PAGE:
Skip to content

Debt or Equity?

Meghan McCormick
17 February 2019 - 3 mins, 8 secs read

In an ideal word, you would be able to start your business with your savings or maybe a gift from your father or mother. You would get to profitability before the money runs out and reinvest those profits to grow your business. In this scenario, you maintain 100% ownership and you do not have expensive debt to finance. Unfortunately, for most of us, we need to take some outside capital grow our businesses. But how should you do it? Debt or equity?

First of all, what is debt? Debt is money that the investor expects to get back, in a fixed time period, with interest. If your shop fails, debt holders own your leftover inventory and can sell it to get their money back.

Equity financing is when you sell a piece of your business to somebody else. If they buy enough of it, they may also be buying a vote in major management decisions. They are now your partner; if the business fails, they lose everything, but if you succeed, their upside is limitless.

There are three questions you have to ask yourself when making the choice.

1) How certain is my growth?

The main differences between debt and equity is that you are legally obliged to pay back your debts. Let’s say your business processes corn for animal feed. You cannot keep up with demand. You need money to buy more corn to increase production. In this case, both debt and equity are options. If you know with some certainty an investment of x will increase my profits by y and “y” is larger than the interest you have to pay, then debt might be right for you. If there is uncertainty, equity may be your only option.

2) Does control matter?

With debt, you are buying money. You can think of it as the same as any other input in your business. When you buy Milo powder to restock your store, Nestlé does not get to control what other products you sell or where you place the packets in your shop. With equity, you are selling a piece of your business. Investors are now owners of your business, just like you. If they end up owning more than half of your company, they may even be able to fire you from the company you started. But giving up control is not only bad. Investors can be very experienced and by sharing control with them, you may be able to grow your business better.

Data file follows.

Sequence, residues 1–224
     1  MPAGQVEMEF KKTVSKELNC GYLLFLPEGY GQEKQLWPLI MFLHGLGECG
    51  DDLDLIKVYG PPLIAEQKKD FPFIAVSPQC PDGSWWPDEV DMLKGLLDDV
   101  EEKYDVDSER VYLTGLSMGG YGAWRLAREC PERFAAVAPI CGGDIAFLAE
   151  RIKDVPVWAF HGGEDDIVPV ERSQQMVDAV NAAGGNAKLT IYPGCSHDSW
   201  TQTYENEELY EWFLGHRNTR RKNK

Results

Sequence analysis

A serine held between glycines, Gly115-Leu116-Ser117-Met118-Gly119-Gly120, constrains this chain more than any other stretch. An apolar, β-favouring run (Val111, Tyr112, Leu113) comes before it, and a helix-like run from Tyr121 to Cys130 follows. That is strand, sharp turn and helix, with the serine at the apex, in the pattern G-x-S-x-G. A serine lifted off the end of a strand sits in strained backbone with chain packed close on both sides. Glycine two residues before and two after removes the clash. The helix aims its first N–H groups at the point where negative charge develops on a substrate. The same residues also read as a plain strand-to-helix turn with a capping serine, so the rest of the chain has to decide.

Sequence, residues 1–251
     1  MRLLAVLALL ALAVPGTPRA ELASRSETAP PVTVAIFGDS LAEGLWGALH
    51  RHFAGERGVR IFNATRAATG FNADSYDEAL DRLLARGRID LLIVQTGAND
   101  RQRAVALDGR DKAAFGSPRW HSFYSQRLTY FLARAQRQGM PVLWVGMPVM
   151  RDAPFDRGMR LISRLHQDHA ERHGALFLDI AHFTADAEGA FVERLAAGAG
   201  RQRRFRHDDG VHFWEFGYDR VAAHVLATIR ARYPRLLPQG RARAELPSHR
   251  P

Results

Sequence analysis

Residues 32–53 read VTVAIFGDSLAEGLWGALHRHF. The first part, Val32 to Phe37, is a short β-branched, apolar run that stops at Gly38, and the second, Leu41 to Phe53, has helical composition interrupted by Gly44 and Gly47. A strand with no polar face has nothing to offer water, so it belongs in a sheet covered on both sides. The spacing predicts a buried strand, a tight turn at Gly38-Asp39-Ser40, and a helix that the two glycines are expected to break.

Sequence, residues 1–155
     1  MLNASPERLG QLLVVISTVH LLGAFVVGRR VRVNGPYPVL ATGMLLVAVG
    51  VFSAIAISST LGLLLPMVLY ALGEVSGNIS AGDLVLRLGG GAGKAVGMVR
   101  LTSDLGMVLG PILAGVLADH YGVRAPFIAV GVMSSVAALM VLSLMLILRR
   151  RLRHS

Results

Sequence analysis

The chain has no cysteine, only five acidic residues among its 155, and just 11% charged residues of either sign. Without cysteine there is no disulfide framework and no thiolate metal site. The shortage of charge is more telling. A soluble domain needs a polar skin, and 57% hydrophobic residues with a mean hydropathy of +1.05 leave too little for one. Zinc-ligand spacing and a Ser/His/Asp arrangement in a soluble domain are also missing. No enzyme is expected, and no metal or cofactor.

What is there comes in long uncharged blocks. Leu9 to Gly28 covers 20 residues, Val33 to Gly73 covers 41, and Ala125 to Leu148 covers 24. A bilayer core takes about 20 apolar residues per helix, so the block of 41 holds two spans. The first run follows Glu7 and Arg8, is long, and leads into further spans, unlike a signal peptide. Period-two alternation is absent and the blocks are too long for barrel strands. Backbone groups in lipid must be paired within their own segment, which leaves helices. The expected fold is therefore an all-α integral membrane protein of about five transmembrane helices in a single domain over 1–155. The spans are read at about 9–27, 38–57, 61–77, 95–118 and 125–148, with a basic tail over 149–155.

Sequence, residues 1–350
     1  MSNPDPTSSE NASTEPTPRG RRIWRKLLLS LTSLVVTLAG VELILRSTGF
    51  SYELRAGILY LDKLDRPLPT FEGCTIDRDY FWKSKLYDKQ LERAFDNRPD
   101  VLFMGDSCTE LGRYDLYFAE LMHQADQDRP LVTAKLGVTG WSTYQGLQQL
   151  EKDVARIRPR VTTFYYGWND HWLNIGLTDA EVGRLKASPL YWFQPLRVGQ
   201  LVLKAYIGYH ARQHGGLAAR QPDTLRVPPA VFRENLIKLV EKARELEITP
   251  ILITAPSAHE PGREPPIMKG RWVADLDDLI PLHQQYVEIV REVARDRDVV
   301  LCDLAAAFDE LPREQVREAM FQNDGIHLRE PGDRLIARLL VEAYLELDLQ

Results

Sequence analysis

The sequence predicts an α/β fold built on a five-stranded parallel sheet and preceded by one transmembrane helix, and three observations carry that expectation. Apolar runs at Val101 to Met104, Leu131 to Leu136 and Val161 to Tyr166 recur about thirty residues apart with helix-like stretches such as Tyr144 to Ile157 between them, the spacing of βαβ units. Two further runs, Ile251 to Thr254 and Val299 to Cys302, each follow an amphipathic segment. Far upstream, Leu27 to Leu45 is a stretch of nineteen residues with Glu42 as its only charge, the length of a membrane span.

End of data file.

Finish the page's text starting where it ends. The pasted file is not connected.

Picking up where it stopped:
3) How much is it worth?

It’s easy to know the cost of money. You can go to a few banks and get their interest rates. It can be hard to know the value of your company. If someone invests GHC 10,000, how much of your company have they bought? 5%? 15%? It comes down to negotiation. If you choose to raise equity, the value of your business and the number of investors who want to give you money decide the price. Before raising equity, make sure you have some bargaining power.

In short, with debt, you will take on less money, that money costs something and you have to pay it back, but you still own 100% of your company. With equity, you do not have to pay the money back and so can invest profits back into the company rather than paying off your debt. This leads to faster growth. But, you are also giving up ownership and investors can take advantage of their power to give you an unfair deal. In either case, the more information you have, the better your decision will be. We recommend that you have at least 6 months of financial records before thinking about taking in outside money. Using a tool like OZÉ will help prepare you for this big business decision.